The familiar story of Abraham’s willingness to offer up Isaac his son, in obedience to God’s command, is rightly cited as a prime example of Abraham’s great faith. It is also a testimony to the remarkable faith of Isaac, for it is recorded twice in Genesis 22 that “they went both of them together” (see also v. 8).
 
This emphasis on the fellowship of both father and son in this tremendous act of obedient faith is surely given by divine inspiration for our edification.
 
Isaac was a grown young man at this time, not a little boy. Isaac soon understood what was happening, yet he willingly carried the wood himself and then submitted to being bound on the altar of sacrifice. Abraham fully intended to slay his son (and Isaac to allow himself to be slain), for they understood this to be God’s Word. Actually, however, God had commanded Abraham only to “offer him there for a burnt offering” (v. 2) and, when he did that, God stayed his hand, and provided a ram as a substitute for his son.
 
The New Testament, of course, makes it clear (see Galatians 3:16; Hebrews 11:17-19) that this was a beautiful type of the mutual love-gift of the heavenly Father and His beloved Son, providing salvation for all who would receive it by faith. They went both together to the cross!
 
“For God so loved the world, that he gave his only begotten Son” (John 3:16). “The life which I now live in the flesh I live by the faith of the Son of God, who loved me, and gave himself for me” (Galatians 2:20). The Father loved the Son before the world began (John 17:24), but they both loved us so much that they both went to the place of sacrifice, together, for us! HMM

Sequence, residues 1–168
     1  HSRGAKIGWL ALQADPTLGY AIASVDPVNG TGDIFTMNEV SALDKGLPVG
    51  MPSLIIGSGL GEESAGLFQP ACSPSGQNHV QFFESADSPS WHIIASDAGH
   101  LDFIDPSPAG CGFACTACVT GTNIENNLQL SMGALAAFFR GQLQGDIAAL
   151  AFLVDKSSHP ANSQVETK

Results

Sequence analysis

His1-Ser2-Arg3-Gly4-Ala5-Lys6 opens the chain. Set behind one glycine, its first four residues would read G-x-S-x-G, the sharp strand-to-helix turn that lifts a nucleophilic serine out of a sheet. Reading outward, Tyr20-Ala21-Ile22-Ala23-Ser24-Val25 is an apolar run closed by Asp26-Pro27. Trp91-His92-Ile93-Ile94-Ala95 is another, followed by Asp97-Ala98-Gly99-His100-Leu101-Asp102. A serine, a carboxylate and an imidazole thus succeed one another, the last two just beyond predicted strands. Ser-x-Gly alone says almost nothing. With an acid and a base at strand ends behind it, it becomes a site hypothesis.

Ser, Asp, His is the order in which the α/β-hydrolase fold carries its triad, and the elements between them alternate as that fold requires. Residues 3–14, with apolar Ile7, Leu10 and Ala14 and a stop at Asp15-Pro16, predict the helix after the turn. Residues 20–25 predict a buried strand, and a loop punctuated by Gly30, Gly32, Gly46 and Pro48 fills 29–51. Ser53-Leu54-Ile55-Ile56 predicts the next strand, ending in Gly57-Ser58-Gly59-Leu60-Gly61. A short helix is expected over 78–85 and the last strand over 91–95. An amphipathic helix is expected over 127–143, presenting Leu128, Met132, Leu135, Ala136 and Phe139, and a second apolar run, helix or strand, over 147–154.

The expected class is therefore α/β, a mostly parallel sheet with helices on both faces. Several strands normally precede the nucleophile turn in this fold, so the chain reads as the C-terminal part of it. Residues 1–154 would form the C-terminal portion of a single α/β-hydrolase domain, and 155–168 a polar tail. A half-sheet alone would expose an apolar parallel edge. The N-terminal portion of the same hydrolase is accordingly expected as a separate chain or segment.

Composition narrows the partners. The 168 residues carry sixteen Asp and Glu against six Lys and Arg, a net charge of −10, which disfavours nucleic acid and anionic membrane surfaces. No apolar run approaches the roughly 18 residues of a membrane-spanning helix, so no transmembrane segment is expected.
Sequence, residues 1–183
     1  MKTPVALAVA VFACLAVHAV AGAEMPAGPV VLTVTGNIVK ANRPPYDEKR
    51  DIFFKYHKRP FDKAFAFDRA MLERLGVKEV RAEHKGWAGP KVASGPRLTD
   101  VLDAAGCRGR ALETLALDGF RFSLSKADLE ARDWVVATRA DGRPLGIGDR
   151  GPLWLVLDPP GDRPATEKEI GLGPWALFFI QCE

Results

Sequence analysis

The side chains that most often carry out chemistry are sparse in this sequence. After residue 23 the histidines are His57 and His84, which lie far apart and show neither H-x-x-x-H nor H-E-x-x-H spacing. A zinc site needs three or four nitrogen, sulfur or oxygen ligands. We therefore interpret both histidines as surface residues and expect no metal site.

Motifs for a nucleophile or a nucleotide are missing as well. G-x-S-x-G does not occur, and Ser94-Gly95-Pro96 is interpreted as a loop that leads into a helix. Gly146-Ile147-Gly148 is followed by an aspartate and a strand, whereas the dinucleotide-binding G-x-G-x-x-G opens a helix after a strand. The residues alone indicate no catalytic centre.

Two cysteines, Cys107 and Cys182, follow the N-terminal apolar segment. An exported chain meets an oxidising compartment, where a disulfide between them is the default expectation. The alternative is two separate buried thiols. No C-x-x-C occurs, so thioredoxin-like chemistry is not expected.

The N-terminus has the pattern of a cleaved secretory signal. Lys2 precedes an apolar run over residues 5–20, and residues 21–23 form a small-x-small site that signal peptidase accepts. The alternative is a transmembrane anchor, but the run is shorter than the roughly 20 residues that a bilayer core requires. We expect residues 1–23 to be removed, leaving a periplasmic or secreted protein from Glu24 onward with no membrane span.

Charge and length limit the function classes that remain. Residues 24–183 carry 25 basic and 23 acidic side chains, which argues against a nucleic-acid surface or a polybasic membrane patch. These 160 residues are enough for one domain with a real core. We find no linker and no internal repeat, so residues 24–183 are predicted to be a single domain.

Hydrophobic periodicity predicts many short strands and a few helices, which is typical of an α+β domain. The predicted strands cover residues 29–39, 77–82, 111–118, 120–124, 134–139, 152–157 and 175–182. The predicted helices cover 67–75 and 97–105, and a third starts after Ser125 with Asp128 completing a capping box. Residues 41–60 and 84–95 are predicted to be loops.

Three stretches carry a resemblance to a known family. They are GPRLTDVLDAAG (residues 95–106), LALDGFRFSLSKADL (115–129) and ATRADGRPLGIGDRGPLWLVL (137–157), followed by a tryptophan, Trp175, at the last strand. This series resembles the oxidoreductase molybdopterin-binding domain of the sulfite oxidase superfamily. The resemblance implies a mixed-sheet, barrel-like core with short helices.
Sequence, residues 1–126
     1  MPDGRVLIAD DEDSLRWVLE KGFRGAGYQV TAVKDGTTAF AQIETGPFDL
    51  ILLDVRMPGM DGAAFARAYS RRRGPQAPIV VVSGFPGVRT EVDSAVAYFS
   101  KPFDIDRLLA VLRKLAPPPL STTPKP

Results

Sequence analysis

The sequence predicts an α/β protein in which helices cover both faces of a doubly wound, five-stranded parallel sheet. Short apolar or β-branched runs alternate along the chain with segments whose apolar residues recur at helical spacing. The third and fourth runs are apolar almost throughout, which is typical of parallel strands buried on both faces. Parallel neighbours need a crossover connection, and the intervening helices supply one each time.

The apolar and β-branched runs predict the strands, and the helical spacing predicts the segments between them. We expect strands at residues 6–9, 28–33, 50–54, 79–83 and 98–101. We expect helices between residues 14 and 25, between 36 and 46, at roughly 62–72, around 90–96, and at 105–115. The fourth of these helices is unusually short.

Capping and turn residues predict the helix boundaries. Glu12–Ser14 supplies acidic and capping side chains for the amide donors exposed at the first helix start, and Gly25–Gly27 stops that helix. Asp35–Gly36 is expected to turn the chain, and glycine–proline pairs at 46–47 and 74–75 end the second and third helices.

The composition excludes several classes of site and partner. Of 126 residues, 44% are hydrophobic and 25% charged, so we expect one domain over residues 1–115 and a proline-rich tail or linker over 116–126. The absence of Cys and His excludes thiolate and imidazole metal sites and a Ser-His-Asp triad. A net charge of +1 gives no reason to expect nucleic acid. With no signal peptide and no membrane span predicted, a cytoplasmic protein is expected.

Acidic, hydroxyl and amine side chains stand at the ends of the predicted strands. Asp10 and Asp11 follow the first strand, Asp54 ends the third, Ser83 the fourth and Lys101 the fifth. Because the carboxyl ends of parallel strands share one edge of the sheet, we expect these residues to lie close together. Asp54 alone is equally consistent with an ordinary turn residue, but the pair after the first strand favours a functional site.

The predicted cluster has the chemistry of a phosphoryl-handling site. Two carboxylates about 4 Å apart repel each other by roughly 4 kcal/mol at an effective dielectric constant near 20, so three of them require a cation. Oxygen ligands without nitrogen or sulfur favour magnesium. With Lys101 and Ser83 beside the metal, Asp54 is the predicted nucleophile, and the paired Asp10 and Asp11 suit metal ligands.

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« Reply #5707 on: February 28, 2017, 09:54:40 AM »

Take Heed Therefore

“Take heed therefore unto yourselves, and to all the flock, over the which the Holy Ghost hath made you overseers, to feed the church of God, which he hath purchased with his own blood.” (Acts 20:28)
 
On his way back to Jerusalem, Paul decided not to stop at Ephesus, fearing a lengthy delay. But this church was much on his heart, and he recognized that he might not see them again. In order to give them one last bit of instruction and encouragement, he called the elders to meet with him, where they had a most touching time together (vv. 30-38). What was Paul’s main concern? “For I know this, that after my departing shall grievous wolves enter in among you, not sparing the flock. Also of your own selves shall men arise, speaking perverse things, to draw away disciples after them. Therefore watch, and remember” (vv. 29-31).
 
Later, Paul sent Timothy to Ephesus, “that thou mightest charge some that they teach no other doctrine” (1 Timothy 1:3). The Greek word used here means “a different kind of doctrine” and is used only twice. Certainly, the false doctrine that concerned Paul the most was a works-oriented salvation. “I marvel that ye are so soon removed from him that called you into the grace of Christ unto another gospel” (Galatians 1:6).